- The Washington Times - Sunday, January 2, 2005

BALTIMORE — Imploring lawmakers to follow the physician’s oath to “first, do no harm,” a coalition of doctors said yesterday that a medical-malpractice reform bill passed last week should become law, despite the bill’s shortcomings.

The Save Our Doctors Protect Our Patients Coalition commended Gov. Robert L. Ehrlich Jr. and members of the General Assembly for last week’s special session.

But the group said it was disappointed a conference committee “could not sustain the fuller measure of tort reform approved by the House.”

Still, the group described the final bill as “a step in the right direction for both doctors and patients” that “temporarily preserves access to medical care.”

“If comprehensive long-term tort reform measures are not enacted, we believe that we will be dealing with a recurrence or worsening of this crisis in the near future,” the group said in a statement.

The bill was approved Thursday morning. Mr. Ehrlich has said he will veto the measure, which contains some changes in malpractice law intended to encourage early settlement of malpractice claims.

The measure would reduce costs of damages awarded to patients who say they were harmed by medical mistakes made by health care professionals.

It also will slash the 33 percent rate increase for 2005 to 5 percent and provide money to ensure against similar huge increases the next three years.

The governor criticized the bill for not having enough insurance-reform measures to have a significant impact on the cost of settling malpractice lawsuits.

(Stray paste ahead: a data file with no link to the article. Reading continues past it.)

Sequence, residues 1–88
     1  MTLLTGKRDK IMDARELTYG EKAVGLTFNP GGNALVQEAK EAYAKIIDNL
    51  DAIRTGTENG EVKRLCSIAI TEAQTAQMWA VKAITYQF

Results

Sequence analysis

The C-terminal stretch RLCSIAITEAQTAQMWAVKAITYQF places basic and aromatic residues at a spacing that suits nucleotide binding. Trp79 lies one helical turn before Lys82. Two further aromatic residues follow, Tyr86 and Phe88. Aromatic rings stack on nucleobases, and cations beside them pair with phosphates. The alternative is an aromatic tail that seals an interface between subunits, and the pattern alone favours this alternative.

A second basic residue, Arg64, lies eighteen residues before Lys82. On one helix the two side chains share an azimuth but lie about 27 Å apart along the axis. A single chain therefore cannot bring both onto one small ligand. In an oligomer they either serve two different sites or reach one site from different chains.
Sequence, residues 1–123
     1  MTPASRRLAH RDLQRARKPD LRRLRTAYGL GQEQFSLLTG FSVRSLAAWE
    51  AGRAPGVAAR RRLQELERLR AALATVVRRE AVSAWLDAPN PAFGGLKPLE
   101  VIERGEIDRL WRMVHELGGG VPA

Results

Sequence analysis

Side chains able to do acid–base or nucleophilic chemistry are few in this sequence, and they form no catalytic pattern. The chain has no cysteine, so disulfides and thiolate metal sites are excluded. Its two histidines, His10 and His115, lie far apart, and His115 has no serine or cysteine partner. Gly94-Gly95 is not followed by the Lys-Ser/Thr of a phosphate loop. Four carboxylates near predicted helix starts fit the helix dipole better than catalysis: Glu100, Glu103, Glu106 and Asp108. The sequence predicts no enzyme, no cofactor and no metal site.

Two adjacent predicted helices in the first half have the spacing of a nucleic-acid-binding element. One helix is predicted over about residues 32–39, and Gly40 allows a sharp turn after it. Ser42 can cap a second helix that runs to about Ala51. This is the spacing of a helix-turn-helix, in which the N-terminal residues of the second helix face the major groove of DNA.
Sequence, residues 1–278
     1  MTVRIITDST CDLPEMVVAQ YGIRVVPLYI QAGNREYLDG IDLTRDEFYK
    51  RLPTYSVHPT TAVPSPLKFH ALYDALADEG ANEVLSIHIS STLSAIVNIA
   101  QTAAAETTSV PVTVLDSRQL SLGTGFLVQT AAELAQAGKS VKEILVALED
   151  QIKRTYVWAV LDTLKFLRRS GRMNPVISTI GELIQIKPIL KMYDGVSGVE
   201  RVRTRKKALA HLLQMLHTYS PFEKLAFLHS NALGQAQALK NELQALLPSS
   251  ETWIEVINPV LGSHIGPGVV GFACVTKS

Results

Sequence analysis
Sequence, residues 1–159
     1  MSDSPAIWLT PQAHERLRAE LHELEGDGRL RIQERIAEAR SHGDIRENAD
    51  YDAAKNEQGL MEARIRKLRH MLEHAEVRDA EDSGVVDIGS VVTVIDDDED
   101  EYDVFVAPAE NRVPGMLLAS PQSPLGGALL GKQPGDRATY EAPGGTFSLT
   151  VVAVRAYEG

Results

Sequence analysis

But it was a tax measure — repealing an exemption for HMOs from the state’s 2 percent insurance-premium tax — that ensured that Mr. Ehrlich would reject the bill.

He said Thursday he will veto it some time this week. However, the legislature, which is controlled by Democrats, could override the veto.

The coalition said it looks forward to working with Mr. Ehrlich and legislators during the coming legislative session to “add more meaningful long-term solutions to resolve the tort crisis that still exists.”

The group said lawmakers still need to address:

• More realistic calculation of future economic damages.

• Protecting access to patient recovery of funds through structured settlements.

• Strengthening protection for physician apologies and benevolent gestures.

• Ending double recovery of damages through collateral sources.

• Ensuring greater award share for plaintiffs through guaranteed fair victim recovery.

• Expanding Good Samaritan protection for emergency room and volunteer care.

• Guaranteeing “speedy-trial rights” by establishing a Health Care Court to fairly and accurately evaluate medical-liability issues.

“We are conducting a comprehensive review of the 79-page legislative bill and will be commenting in the days ahead on other beneficial reforms to be pursued in the general session,” the group said.



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